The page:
Singapore Going Big on Big DataThe Singapore Economic Development Board at the Ministry of Trade and Industry
Singapore is leading the pack as Southeast Asia’s big data hub. It is host to high-impact projects such as Facebook’s SG$1.4 billion ($1 billion) data center and Chinese e-commerce giant Alibaba’s first joint research institute outside of China, for example.
The data analytics industry is central to Singapore’s economy, with studies indicating that it contributes at least $1 billion each year. Meanwhile, the value of regional big data and business analytics services is projected to reach $27 billion by 2022.
While Southeast Asia is seen as a high-growth region in general, there are several reasons why Singapore is emerging as a key market for companies.
Singapore Leads in Connectivity
Companies in the business of big data recognize the importance of having a fast and stable Internet connection to process and analyze data quickly and reliably. According to Internet metrics company Ookla, Internet speeds in Singapore topped the world rankings ahead of Hong Kong, Iceland, and South Korea. This is largely the result of the city-state’s significant infrastructure investment as part of its Smart Nation initiative, championing innovation and ambitious tech projects.
With an average fixed broadband download speed of 181.47 megabits per second—more than three times the global average—Singapore is the choice location for companies looking to expand their big data operations in Asia.
Supportive Ecosystem for Big Data Businesses
Singapore has long been known for its thriving business scene, with The Economist dubbing it “the world’s most tightly packed entrepreneurial ecosystem” in 2014. Its accessible environment for doing business, including the use of English as its first language, puts the country ahead of other ASEAN destinations.
For instance, global tech firm HP, has been based in Singapore since 1970. At the end of 2017, the company renewed its commitment to Singapore by opening a new data-driven research campus for advanced manufacturing.
Owing to the presence of a strong ecosystem in Singapore, companies interested in the big data space can take advantage of connections with well-established companies and emerging startups. The city-state regularly holds industry events and forums that bring together entrepreneurs and businesses in this field.
More Companies Are Embracing Big Data
Health care is among the businesses that exemplify how big data can improve efficiency. For instance, Fullerton Healthcare tracks millions of transactions at public hospitals daily, and their analysts flag spikes in cases and craft prompt and targeted interventions. Similarly, RingMD, a health care technology startup, collates medical data, tracking heart rate and body temperature from patients’ wearables.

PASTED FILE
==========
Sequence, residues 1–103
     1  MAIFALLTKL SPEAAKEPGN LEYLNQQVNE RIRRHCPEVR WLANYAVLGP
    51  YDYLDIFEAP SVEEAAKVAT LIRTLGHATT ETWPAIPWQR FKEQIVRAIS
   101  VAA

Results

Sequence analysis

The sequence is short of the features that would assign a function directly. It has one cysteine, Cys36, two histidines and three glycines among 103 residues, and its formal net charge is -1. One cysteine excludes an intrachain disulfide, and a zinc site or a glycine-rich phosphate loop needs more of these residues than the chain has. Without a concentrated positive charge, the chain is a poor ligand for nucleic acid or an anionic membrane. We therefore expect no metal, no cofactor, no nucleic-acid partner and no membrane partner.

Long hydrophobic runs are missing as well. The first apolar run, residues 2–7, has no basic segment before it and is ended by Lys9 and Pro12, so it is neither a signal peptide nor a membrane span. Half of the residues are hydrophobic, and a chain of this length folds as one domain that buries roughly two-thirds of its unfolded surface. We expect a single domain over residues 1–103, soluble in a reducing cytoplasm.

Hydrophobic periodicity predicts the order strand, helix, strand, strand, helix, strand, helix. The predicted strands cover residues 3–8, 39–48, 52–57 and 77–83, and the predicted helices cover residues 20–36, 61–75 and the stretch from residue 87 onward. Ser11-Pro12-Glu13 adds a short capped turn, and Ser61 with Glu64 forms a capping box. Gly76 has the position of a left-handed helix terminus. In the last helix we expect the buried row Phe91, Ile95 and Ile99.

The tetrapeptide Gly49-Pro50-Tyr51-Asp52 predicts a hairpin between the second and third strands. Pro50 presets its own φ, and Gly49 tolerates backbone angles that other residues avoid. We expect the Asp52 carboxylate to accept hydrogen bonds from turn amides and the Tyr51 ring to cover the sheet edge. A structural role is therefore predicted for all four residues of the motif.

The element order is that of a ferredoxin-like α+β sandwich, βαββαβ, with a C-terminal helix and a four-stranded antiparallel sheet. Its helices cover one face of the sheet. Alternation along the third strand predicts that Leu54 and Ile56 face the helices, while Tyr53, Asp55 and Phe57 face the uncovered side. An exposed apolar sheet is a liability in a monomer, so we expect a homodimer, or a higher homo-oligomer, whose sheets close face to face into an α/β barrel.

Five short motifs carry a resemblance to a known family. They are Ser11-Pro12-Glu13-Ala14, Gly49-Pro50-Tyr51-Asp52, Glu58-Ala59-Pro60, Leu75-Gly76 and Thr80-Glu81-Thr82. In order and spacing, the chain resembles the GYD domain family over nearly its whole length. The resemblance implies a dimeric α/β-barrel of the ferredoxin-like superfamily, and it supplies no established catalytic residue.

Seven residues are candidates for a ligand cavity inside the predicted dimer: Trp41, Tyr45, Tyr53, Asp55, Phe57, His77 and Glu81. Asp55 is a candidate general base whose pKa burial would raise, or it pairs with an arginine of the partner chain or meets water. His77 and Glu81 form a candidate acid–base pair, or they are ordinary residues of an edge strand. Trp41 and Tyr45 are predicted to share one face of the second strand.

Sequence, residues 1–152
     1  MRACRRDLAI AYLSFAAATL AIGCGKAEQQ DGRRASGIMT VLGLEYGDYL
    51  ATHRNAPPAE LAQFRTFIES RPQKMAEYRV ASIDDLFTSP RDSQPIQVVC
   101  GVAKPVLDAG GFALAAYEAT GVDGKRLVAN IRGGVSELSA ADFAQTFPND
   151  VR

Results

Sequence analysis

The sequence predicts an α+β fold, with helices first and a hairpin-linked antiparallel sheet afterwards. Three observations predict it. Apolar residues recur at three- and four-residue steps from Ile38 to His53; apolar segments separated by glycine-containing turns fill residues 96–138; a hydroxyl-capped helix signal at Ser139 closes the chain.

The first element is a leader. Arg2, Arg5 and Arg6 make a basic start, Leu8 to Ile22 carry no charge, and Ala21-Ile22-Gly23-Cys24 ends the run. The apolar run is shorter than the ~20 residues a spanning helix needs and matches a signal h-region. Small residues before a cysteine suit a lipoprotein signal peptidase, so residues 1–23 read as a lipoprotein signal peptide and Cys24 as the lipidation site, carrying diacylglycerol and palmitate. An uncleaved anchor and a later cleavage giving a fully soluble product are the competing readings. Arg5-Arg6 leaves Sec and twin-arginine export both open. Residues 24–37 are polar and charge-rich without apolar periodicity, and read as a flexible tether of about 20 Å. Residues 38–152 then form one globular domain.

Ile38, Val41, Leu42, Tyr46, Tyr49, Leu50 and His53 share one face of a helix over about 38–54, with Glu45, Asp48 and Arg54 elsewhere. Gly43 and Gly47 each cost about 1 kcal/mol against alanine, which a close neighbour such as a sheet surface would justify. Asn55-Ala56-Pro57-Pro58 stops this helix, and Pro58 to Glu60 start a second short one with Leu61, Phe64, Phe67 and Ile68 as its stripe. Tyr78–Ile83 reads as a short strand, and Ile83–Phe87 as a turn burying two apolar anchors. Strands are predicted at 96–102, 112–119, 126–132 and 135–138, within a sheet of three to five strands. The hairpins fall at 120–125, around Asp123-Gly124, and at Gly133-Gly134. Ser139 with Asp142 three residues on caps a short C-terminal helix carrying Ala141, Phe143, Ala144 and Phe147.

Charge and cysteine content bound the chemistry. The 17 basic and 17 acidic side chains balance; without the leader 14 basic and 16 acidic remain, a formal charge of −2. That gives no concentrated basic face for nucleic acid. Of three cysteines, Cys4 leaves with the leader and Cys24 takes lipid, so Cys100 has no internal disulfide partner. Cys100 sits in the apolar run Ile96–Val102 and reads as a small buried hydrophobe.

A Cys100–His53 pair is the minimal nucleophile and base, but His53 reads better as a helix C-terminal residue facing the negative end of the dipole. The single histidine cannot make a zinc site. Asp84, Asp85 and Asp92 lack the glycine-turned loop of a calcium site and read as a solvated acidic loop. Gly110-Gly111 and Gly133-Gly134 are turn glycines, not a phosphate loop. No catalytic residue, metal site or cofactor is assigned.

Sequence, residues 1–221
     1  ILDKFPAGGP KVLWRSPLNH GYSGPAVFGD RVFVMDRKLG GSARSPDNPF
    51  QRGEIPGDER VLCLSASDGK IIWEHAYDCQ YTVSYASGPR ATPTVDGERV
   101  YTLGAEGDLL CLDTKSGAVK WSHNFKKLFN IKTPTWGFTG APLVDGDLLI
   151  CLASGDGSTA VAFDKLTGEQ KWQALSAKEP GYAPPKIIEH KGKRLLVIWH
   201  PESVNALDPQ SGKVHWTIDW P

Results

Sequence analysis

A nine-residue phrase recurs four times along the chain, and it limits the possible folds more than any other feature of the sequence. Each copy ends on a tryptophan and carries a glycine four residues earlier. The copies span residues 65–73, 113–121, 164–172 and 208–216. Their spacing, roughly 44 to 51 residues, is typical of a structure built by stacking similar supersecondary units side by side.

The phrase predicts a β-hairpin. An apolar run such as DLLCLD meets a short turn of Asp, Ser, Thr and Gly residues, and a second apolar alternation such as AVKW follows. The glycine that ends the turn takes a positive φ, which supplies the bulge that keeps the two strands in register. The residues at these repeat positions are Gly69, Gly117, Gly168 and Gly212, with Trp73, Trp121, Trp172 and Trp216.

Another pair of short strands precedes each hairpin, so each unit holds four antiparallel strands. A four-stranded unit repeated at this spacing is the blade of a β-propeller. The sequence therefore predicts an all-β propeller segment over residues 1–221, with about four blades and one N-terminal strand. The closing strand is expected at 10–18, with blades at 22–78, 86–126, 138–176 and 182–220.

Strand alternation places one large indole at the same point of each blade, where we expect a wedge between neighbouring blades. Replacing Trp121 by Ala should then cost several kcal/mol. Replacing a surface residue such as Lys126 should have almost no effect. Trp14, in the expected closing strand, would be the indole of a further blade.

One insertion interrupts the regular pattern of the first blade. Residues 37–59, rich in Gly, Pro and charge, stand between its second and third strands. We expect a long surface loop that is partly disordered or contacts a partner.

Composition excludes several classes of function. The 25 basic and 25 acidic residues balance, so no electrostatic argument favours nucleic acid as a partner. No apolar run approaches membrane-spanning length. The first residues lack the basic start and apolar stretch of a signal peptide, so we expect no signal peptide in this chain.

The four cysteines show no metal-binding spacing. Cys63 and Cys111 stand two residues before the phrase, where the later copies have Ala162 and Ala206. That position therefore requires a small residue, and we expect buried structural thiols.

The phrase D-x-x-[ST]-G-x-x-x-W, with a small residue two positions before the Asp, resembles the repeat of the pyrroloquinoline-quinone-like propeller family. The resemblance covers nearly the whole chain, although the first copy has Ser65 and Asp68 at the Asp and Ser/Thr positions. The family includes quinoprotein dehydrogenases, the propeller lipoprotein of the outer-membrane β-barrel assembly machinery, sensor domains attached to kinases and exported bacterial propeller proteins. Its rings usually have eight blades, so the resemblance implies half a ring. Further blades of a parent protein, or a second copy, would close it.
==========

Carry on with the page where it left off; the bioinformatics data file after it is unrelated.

Singaporean banks also use data analytics to streamline their operations. DBS Bank began overhauling its HR operations as early as 2011, introducing data analytics to boost recruitment, staff productivity and reduce attrition rates. In hiring, for example, applicant profiles are assessed using data analytics, lessening the load on recruitment officers. Leveraging big data in such ways has saved the company over 600,000 hours of labor. OCBC Bank also reviewed its practices in 2015, using big data to customize training and hiring programs.
Finding Talent for Big Data
These burgeoning needs for data analytics will be coupled with a drive to secure the best talent in the field. Singaporean universities are setting high standards when it comes to technical education. Nanyang Technological University (NTU) and the National University of Singapore (NUS), for example, have introduced initiatives focused on data science and artificial intelligence, partnering with tech companies to develop the big data talent they need to thrive.
Earlier this year, NUS partnered with Grab to set up the Grab-NUS AI Lab, with a joint initial investment of $4.4 million. The lab will house up to 100 researchers and students working on cutting-edge smart mobility solutions. In another partnership with Alibaba Cloud, NUS business analytics students will have the opportunity to take up education certification programs and participate in internships that allow them to apply their skills to a real-world business environment.
Initiatives like these are illustrative of the role educational institutes can play in the development of industries in markets.
NTU, too, launched its new Data Science and Artificial Intelligence Research Centre last year. It has $5.85 million in funding over three years, more than 60 scientists and researchers on staff, and the support of leading global tech companies like PayPal and Nvidia.
The Singapore government continues to strongly support talent development in this area, rolling out the Smart Nation Scholarship to students in information and communications technology-related disciplines such as computer science, information security, and mathematics.
The combination of Singapore’s Smart Nation push, global talent pool, excellent infrastructure, and tech-savvy government give it a strong advantage as a market from which companies can look to scale their big data ambitions across the rest of the Asia-Pacific region.